The Internet is a beautiful thing. It’s an expansive repository of information on any subject. A massive emporium of anything one could want, from Apple seeds to Zebra pelts (Yes, you can buy zebra pelts on the Internet). And it’s a means of social connection.
This Buzzfeed article outlines the current state of attempts by social media companies to thwart pro-eating disorder (i.e. pro-ana and pro-mia) groups, blogs, and photos. I first heard about pro-ana back in the late 90’s when every middle schooler with an Internet connection had a Geocities page. I saw pro-ana sites again late into college, when a friend of mine was doing research on eating disorders for a psychology class and read a few posts on a pro-ana forum aloud to me in horror. Now it’s 2016, and people are still forming support communities based on a collection of deadly behaviors and maladaptive personality traits. Companies have been trying to shut down these communities with mediocre results like it’s 1999.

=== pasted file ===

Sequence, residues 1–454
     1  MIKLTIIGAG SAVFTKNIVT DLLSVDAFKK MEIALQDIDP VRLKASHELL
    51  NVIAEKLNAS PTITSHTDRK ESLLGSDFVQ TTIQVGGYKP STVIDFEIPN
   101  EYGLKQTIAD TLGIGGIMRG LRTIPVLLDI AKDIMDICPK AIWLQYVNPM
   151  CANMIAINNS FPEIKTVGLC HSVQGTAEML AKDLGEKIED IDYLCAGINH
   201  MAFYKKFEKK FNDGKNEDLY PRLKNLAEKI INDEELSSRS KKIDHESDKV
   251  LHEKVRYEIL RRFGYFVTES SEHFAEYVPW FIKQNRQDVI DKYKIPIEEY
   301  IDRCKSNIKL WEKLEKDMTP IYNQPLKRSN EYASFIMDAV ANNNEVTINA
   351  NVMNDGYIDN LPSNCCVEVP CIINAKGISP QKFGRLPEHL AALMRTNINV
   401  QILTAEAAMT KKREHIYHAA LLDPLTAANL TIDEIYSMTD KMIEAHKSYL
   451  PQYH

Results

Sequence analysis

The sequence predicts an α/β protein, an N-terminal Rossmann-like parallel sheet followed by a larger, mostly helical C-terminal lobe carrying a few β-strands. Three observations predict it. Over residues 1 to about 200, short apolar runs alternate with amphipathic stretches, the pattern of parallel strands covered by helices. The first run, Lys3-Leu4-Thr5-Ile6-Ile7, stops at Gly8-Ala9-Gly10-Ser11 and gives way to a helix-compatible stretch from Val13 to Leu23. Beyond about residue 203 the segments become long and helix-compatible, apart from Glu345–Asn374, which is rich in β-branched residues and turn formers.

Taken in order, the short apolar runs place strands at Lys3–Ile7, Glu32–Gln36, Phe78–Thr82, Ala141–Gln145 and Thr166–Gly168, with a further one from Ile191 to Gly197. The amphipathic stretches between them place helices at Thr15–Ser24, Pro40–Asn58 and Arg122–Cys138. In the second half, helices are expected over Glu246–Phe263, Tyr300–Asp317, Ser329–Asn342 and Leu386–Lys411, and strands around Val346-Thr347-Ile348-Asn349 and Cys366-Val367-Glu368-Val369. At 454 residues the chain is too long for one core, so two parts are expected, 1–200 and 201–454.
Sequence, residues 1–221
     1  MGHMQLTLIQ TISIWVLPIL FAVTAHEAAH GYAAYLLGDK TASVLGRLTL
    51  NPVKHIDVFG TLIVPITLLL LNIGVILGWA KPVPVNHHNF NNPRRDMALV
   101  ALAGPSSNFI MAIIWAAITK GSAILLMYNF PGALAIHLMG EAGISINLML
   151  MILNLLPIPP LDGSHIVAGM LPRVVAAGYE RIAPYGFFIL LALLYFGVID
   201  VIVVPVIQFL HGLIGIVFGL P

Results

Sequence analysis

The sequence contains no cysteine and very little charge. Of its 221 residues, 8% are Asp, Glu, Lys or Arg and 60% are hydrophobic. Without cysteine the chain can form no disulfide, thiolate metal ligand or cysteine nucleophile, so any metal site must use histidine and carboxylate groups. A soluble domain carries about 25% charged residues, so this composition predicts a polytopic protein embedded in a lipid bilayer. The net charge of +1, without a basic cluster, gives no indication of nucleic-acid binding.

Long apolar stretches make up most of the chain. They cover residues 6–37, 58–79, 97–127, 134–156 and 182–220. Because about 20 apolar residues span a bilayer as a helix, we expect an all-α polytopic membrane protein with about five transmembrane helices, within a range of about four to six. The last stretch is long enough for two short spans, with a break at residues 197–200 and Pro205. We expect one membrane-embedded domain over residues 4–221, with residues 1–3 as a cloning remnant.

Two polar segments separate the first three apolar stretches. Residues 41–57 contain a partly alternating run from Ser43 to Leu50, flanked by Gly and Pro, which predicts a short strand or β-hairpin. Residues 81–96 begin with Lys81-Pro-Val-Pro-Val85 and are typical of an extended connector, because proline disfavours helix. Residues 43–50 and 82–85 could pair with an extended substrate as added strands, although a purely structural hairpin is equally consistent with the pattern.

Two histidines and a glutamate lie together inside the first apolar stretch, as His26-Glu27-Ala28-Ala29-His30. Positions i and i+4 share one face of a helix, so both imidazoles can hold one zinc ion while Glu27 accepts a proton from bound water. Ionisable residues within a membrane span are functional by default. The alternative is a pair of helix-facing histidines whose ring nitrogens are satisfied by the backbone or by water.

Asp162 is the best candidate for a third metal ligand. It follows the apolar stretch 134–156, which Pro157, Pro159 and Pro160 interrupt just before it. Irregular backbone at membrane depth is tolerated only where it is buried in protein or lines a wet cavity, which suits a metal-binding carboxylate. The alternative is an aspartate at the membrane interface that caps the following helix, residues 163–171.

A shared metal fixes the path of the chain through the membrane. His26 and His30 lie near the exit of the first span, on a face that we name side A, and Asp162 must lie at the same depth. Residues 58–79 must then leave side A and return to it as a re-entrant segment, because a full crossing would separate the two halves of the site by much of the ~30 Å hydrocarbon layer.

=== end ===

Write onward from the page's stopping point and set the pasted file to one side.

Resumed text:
The latest effort by some is to strategically place recovery-oriented advertising and messages on pro-eating disorder media. I’m not entirely certain if there is evidence to back up this practice, though it’s probably not harmful. The site visitor is given a prompt to call the National Eating Disorders Association or talk with a trained volunteer online.
Here’s part of what it’s like to have an eating disorder: loneliness, feeling disconnected from others, self-loathing, shame, isolation, sadness, anger, and more self-loathing, shame, and loneliness. The well-known perk of pro-ana sites is the same as any other online support group: When you enter, you’ve found your people.
Social media can’t fully control what people post, try as they might. Continuing to try is the responsible thing to do. Social media is more complication than cause of the development and continuation eating disorder symptoms.What is especially problematic is how variable in real life support for individuals with eating disorders can be in the US, as well as a need for trained health professionals, and of course underfunding for researching causes and treatment.